Author + information
- Received January 9, 1995
- Revision received April 28, 1995
- Accepted May 5, 1995
- Published online October 1, 1995.
- Pu Min, MD,
- Brian P. Griffin, MD,
- Pieter M. Vandervoort, MD,
- Dominic Y. Leung, MBBS, MRCP,
- Delos M. Cosgrove III, MD and
- James D. Thomas, MD, FACC*
- ↵*Address for correspondence: Dr. James D. Thomas, Department of Cardiology, Desk F15, The Cleveland Clinic Foundation, 9500 Euclid Avenue. Cleveland, Ohio 44195-5064.
Objectives. This study investigated the accuracy of mitral inflow quantification using biplane transesophageal echocardiography.
Background. Mitral stroke volume can be reliably quantified by transthoracic Doppler echocardiography, but previous studies involving monoplane transesophageal echocardiography have yielded mixed results.
Methods. Thirty patients without mitral regurgitation were prospectively examined immediately before cardiovascular surgery. Mitral annulus diameter was measured in the transverse (d1) and longitudinal views (d2) by biplane transesophageal echocardiography. Assuming an elliptic shape, the annular area was calculated as πd1d2/4; area was also calculated from single-plane data assuming a circular annular shape as πd24. The time—velocity integral of mitral annular Doppler velocity was then multiplied by annular area to yield stroke volume. These data were compared with simultaneous thermodilution measurements by linear regression.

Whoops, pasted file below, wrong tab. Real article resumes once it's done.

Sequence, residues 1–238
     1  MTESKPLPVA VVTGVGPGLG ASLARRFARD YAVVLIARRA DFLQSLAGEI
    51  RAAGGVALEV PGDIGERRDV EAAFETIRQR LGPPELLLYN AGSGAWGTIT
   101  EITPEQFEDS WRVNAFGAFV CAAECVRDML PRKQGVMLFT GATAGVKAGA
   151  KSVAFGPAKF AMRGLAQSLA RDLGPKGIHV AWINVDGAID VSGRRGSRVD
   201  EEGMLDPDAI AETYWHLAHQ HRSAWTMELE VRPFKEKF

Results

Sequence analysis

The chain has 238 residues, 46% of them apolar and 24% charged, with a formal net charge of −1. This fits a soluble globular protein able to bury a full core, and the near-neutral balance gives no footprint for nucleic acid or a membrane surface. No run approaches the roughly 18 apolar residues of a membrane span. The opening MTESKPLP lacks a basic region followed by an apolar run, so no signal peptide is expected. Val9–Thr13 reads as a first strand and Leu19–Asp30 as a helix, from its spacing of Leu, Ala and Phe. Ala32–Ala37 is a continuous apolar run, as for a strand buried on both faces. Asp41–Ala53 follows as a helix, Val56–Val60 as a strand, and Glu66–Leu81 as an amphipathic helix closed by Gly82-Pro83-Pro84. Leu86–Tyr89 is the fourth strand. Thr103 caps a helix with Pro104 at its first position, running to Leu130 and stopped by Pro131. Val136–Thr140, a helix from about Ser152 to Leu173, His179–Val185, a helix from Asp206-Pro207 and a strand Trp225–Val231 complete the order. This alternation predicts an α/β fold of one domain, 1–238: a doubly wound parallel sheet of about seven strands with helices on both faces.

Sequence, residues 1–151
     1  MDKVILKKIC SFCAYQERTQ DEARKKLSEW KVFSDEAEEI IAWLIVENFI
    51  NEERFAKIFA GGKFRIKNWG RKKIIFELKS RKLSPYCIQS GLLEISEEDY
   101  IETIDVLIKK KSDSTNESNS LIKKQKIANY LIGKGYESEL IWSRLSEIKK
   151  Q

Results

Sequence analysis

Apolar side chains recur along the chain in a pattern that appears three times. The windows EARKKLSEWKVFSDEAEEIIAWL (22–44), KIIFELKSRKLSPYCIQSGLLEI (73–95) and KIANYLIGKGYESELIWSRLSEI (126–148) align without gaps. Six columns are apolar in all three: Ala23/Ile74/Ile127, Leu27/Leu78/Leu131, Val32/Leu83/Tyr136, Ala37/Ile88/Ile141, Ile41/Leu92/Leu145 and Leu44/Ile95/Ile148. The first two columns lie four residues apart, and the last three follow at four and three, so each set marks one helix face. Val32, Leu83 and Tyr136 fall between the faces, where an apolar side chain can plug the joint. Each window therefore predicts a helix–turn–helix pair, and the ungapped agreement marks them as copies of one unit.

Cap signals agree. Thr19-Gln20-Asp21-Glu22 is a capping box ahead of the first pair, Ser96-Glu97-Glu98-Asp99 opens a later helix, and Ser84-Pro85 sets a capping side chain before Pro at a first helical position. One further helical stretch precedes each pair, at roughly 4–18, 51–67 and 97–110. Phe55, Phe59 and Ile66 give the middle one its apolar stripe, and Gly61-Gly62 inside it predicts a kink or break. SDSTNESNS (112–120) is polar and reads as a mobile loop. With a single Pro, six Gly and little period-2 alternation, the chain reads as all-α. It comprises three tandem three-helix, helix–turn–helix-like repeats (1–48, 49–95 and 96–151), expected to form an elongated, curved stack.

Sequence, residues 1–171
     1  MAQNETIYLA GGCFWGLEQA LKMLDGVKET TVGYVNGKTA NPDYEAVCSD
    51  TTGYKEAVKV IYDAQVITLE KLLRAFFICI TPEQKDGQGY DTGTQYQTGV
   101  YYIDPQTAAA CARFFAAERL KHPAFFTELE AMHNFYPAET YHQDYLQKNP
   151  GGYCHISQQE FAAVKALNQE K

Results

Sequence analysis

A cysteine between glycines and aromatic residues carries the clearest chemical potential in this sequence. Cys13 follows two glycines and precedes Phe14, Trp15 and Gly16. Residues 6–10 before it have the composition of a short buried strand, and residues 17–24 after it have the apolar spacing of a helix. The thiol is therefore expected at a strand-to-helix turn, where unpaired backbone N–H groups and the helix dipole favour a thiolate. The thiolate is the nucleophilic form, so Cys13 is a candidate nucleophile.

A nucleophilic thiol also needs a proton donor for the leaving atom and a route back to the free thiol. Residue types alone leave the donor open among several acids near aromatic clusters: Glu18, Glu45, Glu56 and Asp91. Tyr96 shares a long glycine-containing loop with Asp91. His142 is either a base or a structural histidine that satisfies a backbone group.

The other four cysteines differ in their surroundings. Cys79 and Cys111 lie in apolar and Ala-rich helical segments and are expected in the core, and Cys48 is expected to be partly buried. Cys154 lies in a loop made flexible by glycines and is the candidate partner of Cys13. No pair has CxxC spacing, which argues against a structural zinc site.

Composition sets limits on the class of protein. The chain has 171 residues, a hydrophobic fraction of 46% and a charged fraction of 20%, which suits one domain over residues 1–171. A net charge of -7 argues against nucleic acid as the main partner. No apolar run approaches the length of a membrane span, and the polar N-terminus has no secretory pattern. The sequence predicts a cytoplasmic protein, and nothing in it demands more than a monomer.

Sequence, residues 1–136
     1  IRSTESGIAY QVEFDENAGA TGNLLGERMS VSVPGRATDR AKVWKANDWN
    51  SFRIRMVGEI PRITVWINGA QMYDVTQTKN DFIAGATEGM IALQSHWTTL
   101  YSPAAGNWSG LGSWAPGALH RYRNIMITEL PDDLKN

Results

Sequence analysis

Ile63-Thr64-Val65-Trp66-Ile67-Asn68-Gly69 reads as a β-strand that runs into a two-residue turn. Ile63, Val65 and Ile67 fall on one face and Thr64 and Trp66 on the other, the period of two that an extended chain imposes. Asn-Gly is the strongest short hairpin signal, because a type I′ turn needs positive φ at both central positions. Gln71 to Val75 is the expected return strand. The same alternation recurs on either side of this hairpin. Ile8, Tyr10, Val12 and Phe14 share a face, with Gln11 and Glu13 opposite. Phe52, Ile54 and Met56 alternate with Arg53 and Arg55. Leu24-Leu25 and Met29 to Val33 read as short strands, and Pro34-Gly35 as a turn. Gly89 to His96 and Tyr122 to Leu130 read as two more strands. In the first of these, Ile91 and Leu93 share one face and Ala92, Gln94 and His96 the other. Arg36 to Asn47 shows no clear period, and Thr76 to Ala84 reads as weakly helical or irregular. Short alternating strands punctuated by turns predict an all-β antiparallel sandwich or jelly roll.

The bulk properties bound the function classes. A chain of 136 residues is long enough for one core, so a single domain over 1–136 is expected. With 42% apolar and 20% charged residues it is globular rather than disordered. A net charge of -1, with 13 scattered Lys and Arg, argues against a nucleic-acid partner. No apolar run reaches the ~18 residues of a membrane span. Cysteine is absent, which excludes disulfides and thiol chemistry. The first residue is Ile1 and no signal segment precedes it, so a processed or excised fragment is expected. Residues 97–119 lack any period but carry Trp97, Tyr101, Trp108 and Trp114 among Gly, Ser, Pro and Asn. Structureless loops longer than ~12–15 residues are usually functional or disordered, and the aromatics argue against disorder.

Results. Good correlations were observed between thermodilution (x) and Doppler (y) measurements of stroke volume (SV) (r = 0.86, p < 0.01, ΔSV [y−x]= 2.64 ± 9.86 ml for single four-chamber view; r = 0.77, p < 0.01, ΔSV = 1.82 ± 12.59 ml for two-chamber view; r = 0.94, p < 0.001, ΔSV = 1.78 ± 5.90 ml for biplane measurements) with similar data for cardiac output (r = 0.82, r = 0.74 and r = 0.92, respectively). The biplane measurements were most accurate and had less variability in individual patients (p < 0.05). This finding was supported by a numerical model that demonstrated (for an ellipse of eccentricity 1.5: 1) that even maximal misalignment of biplane diameters yielded only 8% area overestimation, whereas single-plane calculations assuming a circular shape produced a variation in area of 225%.
Conclusions. This study validates the accuracy of measurements of mitral inflow using biplane transesophageal echocardiography with potential application for quantification of valvular regurgitation in the operating room. The results are further generalizable, indicating that orthogonal biplane measurements are both necessary and sufficient to ensure accuracy in area calculation for any elliptic structure.
This study was supported in part by Grant-in-Aid 93-013380 from the American Heart Association, Greenville, Texas (Dr. Thomas).
- Received January 9, 1995.
- Revision received April 28, 1995.
- Accepted May 5, 1995.
- American College of Cardiology